If there is a universal truth, it is that nobody likes spending time in an airport. This article from the Financial Times corroborates this fact, pointing out that, no matter how well-designed a terminal is, people make every effort to leave it as soon as possible. While the novelty of air travel has worn off since its inception in the 20th century, the work devoted to designing airports has only increased. We’ve collected some of our favorite terminals we’d actually love to get stuck in, including works by Eero Sarinen, SOM, Fentress, J. Mayer H., KCAP, Paul Andreu, bblur architecture and 3DReid, Corgan Associates, De Bever, and Studio Fuksas. Enjoy!
At its peak, thousands passed through its massive, light-filled atrium. Today, Bell Labs Holmdel stands empty, all of its 1.9-million-square-feet utterly without life. An iconic example of the now-disparaged office park, the campus in central Jersey, was shuttered in 2007 and vacated soon after. Years later, it remains in an abandoned, if not unkept state. The grounds are cared for, the floors swept clean, and the interior plantings trimmed, however haphazardly. (That’s saying something; in the laboratory’s heyday, plastic shrubbery filled its glorious central hall.)
More about the building’s future, and more photos by Rob Dobi, after the break
Today is the 40th anniversary of the completion of the Sydney Opera House, the symbol of Australia. Since its opening in 1973, the Opera House has welcomed over 65 million people to more than 80,000 memorable events. To celebrate, an Anniversary program will run from mid to late October, with concerts, tours, exhibitions, and cake! A true masterpiece that continues to redefine the ambitions of Australia, the Opera House is part of an incredible story, a work of architecture that belongs to everyone.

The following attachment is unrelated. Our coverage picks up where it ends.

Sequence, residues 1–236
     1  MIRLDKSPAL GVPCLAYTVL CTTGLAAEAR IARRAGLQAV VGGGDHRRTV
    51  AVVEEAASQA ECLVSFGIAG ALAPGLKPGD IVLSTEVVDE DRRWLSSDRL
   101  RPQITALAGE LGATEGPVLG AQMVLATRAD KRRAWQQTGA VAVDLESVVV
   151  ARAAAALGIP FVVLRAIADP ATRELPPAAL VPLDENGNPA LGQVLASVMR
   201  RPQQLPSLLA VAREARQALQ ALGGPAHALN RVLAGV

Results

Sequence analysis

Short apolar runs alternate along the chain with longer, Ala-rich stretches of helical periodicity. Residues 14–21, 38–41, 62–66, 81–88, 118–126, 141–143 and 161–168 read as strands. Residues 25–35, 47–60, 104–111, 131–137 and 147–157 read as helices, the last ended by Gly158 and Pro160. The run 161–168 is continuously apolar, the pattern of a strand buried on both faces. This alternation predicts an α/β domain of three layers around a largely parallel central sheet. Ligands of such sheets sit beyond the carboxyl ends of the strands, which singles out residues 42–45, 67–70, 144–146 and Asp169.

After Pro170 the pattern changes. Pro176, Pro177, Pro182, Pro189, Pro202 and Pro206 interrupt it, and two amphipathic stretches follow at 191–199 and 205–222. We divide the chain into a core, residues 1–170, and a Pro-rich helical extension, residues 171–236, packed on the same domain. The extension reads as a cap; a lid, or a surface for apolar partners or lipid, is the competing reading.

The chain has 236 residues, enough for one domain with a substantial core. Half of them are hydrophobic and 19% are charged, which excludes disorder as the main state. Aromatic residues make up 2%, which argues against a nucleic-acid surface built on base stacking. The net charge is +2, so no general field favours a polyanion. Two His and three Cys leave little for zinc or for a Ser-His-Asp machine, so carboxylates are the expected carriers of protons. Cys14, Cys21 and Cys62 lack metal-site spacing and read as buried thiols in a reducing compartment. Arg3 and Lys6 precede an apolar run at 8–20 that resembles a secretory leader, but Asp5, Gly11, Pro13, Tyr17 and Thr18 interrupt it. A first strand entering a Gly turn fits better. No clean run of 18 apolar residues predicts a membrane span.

André Balazs, CEO of André Balazs Properties, has been tapped by Port Authority officials to redevelop the historic, Eero Saarinen-designed TWA terminal at John F. Kennedy International Airport in New York. Balazs will transform the terminal into the “Standard, Flight Center” hotel and conference center, equipped with food and beverage space, retail, a spa and fitness center, meeting facilities and a flight museum.
Perhaps the most famous father-son duo in the architectural world, Eliel and Eero Saarinen share more than just a last name. The two designers both left profound influences upon the cities where they did their work, both were awarded AIA Gold Medals, and, rather uncannily, both share the very same date of birth.
But, when it comes to their architectural stylings, that’s where the comparisons end. Eliel Saarinen (1873 – 1950), was known in his native Finland for his art nouveau-inspired works (a style later christened as Finnish National Romanticism), culminating in the Helsinki Central railway station.
Eero Saarinen (1910–1961), however, gained fame as one of the leaders of the International Style, designing curvy landmarks that transformed the American landscape. We at ArchDaily have featured many of his projects as AD Classics: the David S. Ingalls Skating Rink ,Miller House, the MIT Chapel, and, even more famously, the TWA Terminal, Dulles International Airport (named by PBS as one of the 10 buildings that changed America), and St. Louis’ Gateway Arch. The exhibition Eero Saarinen: A Reputation for Innovation, which opened in April 2013 at the A+D Architecture and Design Museum in Los Angeles, presented two key projects by Saarinen: the unbuilt Smithsonian Gallery of Art, which was to be Washington DC’s first museum of modern art, and Dulles International Airport, which was designed as the nation’s first jet airport.
Taking place now until June 30 at the Museum of Design Atlanta, the ‘Eero Saarinen: A Reputation for Innovation’ exhibition pays tribute to Saarinen’s brief yet brilliant career, in which he designed numerous corporate, educational, cultural, public, and private buildings, including recognizable icons like the Saint Louis Gateway Arch, the TWA Terminal at New York’s JFK Airport, and Dulles Airport in Washington DC. Also breaking new ground by shedding light on a little known chapter of Saarinen’s secret professional life during World War II, the exhibit highlights the architect’s work and a study of the design principles he followed. For more information, please visit here.